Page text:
Guidance for teachers as they deal with the impact of extreme weather events

Children playing with Harold the giraffe outside The start of 2023 has been unexpected for many with extreme weather events, and the lingering impacts of COVID. Tamariki and rangatahi living in those areas effected by weather and flooding will be faced with all sorts of emotions and questions. It’s also important to think about what young people across the country may be feeling as they watch the news, listen to adults talking, and engage in social media.

At Life Education we’ve been working on practical strategies and learning resources that might help with conversations in the classroom, and understanding and guiding those students who show signs of anxiety. Our online toolbox of resources provides some guidance of where to start, and how best to offer support strategies and advice. Have a look at our resource page and simply type the words in bold below for reference.

An insight from our Educators after the Christchurch earthquakes was that students were happy to return to the classroom in the short term. Being back at school gave them a sense of somewhere safe with routine. It was only in the months ahead that the topic of resilience and coping strategies came up at schools.

Here’s some insights – there’s plenty more online so do check them out.

Resilience is about being able to adjust to changing circumstances, and to respond in a positive way. We know that resilient people can handle change and think of ways to solve problems that happen in their lives. It’s helpful for students if we can encourage them to build positive relationships. Having people around them who are supportive and encouraging – whether they are parents, friends, uncles or aunts, teachers, or youth leaders. This means they have trustworthy people to go to when they need help and advice.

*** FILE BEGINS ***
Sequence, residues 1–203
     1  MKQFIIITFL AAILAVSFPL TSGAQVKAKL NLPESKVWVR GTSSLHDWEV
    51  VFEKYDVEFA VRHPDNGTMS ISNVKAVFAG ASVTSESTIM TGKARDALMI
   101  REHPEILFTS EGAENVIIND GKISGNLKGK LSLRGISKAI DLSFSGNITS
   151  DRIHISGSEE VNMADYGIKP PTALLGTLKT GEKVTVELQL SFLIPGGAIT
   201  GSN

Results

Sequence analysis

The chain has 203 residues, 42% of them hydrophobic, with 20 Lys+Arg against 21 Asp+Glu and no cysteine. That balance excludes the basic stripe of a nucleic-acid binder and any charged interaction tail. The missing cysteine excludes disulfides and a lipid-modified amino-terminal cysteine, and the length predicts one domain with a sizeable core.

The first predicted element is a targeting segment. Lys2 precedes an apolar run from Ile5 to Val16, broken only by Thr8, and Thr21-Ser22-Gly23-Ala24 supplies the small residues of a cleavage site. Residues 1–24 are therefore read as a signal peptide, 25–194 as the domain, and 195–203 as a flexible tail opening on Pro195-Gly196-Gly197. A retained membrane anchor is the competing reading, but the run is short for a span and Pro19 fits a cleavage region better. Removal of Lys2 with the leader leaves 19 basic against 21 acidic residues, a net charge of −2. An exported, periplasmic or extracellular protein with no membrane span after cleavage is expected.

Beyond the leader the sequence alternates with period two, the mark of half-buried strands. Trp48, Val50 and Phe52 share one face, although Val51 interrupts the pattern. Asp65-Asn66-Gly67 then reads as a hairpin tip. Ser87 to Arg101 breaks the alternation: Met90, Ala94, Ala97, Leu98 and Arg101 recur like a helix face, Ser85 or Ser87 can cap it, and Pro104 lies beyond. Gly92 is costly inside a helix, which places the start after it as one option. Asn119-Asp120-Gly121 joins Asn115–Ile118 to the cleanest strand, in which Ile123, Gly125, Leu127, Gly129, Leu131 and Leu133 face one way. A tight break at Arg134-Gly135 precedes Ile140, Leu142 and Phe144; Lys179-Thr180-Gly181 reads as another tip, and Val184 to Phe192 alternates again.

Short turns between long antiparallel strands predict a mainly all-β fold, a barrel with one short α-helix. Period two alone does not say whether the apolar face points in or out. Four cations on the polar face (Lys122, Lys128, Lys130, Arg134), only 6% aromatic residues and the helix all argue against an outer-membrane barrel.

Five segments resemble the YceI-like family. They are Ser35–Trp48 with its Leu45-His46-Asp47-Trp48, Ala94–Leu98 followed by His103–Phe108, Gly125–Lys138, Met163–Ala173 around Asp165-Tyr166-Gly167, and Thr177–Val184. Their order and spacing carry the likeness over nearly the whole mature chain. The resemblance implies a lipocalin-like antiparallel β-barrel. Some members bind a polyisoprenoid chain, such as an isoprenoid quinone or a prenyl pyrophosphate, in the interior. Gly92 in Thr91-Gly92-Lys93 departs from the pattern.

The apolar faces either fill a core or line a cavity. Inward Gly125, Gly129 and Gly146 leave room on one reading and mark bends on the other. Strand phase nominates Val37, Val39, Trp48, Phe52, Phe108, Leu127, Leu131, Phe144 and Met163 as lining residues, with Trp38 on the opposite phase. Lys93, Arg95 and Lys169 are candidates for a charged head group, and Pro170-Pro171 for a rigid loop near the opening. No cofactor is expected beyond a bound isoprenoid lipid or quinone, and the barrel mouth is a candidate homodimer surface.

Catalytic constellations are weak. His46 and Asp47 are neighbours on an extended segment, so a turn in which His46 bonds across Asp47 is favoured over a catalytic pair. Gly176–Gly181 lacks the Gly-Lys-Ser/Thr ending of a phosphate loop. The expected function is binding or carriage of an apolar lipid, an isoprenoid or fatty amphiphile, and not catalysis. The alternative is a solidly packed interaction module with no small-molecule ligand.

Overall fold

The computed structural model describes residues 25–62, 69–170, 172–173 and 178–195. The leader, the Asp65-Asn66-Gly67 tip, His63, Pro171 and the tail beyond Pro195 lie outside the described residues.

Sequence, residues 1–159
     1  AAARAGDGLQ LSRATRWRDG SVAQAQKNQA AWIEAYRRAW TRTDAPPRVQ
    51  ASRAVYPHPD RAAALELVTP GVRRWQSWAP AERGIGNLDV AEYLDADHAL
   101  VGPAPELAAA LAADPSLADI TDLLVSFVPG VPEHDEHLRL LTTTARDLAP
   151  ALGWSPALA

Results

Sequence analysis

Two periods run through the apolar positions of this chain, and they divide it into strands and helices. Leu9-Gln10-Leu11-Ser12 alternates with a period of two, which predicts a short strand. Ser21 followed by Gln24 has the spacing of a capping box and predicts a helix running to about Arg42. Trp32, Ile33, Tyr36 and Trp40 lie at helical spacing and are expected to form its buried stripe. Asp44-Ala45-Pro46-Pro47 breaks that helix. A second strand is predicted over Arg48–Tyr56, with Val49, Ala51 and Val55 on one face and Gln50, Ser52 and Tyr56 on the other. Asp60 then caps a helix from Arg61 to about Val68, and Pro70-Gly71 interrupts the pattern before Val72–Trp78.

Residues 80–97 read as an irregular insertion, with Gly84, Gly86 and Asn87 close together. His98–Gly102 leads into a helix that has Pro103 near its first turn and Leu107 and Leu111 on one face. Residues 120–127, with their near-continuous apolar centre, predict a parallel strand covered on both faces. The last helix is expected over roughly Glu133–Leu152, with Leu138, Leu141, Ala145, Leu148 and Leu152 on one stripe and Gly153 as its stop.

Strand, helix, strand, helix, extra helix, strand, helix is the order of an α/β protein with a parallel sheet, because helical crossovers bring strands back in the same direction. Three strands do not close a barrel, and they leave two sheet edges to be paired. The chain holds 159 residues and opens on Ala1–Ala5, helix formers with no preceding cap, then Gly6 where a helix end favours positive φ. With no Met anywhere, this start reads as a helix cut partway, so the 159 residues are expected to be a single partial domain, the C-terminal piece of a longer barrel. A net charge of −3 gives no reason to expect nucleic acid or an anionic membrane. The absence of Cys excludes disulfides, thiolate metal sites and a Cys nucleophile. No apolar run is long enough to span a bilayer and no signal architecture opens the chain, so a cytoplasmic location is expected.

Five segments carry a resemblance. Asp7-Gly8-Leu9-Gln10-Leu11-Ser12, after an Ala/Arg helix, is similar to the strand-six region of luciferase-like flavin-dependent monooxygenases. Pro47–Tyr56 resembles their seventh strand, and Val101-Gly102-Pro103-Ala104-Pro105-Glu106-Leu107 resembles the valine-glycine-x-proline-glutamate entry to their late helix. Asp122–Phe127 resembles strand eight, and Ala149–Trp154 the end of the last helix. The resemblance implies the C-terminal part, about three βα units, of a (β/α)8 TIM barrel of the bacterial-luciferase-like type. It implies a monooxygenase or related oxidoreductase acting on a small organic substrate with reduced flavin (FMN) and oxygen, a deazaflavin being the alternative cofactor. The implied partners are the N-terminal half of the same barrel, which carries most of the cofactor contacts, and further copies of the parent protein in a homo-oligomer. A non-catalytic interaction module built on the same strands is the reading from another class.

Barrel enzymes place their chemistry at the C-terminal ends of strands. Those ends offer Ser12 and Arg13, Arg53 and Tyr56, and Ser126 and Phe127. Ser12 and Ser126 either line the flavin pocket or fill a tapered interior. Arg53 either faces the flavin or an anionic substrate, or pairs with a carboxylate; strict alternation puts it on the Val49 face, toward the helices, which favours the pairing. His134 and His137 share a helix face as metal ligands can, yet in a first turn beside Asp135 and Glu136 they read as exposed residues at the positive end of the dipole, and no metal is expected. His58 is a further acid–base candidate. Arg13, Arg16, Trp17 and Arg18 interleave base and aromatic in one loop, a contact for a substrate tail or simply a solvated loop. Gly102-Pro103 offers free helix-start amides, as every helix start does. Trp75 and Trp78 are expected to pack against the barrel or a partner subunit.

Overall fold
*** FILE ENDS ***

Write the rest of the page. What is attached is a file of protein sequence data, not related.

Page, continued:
Stress is the way the body makes someone feel as they respond to events in their lives. This can be an ongoing experience for young people today as they face both internal and external influences and incidents. Letting a young person know they can ask a trusted person for help when they need it, can be helpful. As can suggesting they do something every day that helps them to relax. It is also good to talk about having a positive attitude, to think calmly, and to remember that everybody feels stressed at times.

Grief is the word we use for the way we feel when we are trying to cope during a time of loss or change in our life. There are many types of loss - perhaps someone has died, or a major event has happened like the recent floods. Often young people need to be told it’s not their fault, and to be kind and gentle with themselves. It’s also good to reassure and get them to understand that it is okay to enjoy playing with friends, and to feel happy.

If you’re looking for some more in-depth workshops, Life Education is also offering teachers online workshops facilitated by Cat Levine to share practical tips and help develop strategies to help students suffering from anxiety. Register here